KENAI (AP) -- A state labor researcher says the Kenai Peninsula's economy is diverse and reasonably strong -- and better in many ways than other economies around the state, despite only a 1.8 percent economic growth in the 1990s.
Brigitta Windisch-Cole presented her optimistic report at the Kenai Chamber of Commerce luncheon Wednesday.
The peninsula has always had a faster rate of growth than the rest of the state, according to Windisch-Cole, a researcher with Alaska Department of Labor and Workforce Development. The past decade has been mixed, however, with oil and gas employment declining by nearly ten percent. Manufacturing fell by 25 percent.
The loss of almost two percent of peninsula jobs in 1999 over the previous year was caused by layoffs at the Unocal fertilizer plant, Southcentral Air going bust and the Icicle Seafoods plant fire in Homer.
Retail showed the greatest growth of all sectors in the last decade -- a job increase of 57.7 percent. It was closely followed by the financial, insurance and real estate industries with 39.5 percent, and construction at 30.8 percent. The service industry and government employment increased by roughly 24 percent each.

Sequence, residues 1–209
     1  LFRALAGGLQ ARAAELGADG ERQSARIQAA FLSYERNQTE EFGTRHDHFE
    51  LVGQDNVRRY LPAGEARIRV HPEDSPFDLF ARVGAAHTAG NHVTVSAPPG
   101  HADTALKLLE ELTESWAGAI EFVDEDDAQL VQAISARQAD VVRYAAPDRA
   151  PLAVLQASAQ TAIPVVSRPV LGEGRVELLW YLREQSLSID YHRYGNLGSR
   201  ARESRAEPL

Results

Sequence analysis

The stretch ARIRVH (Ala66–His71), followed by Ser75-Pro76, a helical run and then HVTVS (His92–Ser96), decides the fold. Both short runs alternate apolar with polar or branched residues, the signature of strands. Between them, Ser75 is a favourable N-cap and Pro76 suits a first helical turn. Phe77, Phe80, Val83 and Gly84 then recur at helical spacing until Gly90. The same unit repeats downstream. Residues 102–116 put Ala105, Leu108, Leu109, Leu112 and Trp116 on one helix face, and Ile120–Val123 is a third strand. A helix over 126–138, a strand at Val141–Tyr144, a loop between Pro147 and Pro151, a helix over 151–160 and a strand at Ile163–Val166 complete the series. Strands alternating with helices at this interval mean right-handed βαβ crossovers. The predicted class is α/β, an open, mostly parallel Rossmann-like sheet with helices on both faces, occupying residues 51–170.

Part of the increase in government jobs is attributable to a change in accounting procedures by the state, Windisch-Cole said.
There is a huge disparity in wages between the oil and gas industry, which is losing jobs, and the service and retail industries, which account for most of the new jobs created on the peninsula.
Figures show annual oil and gas wages in 1999 averaged $60,485, while service and retail averaged $18,000.
Windisch-Cole pointed out that the service and retail wage for a full-time, year-round employee would be a little higher than the average, since seasonal and part-time jobs are calculated with full-time jobs, slightly skewing the figures.
The service and retail industries account for 40 percent of peninsula jobs, she added.
In 1999, the peninsula work force earned $498.6 million, with an average wage of $30,091.
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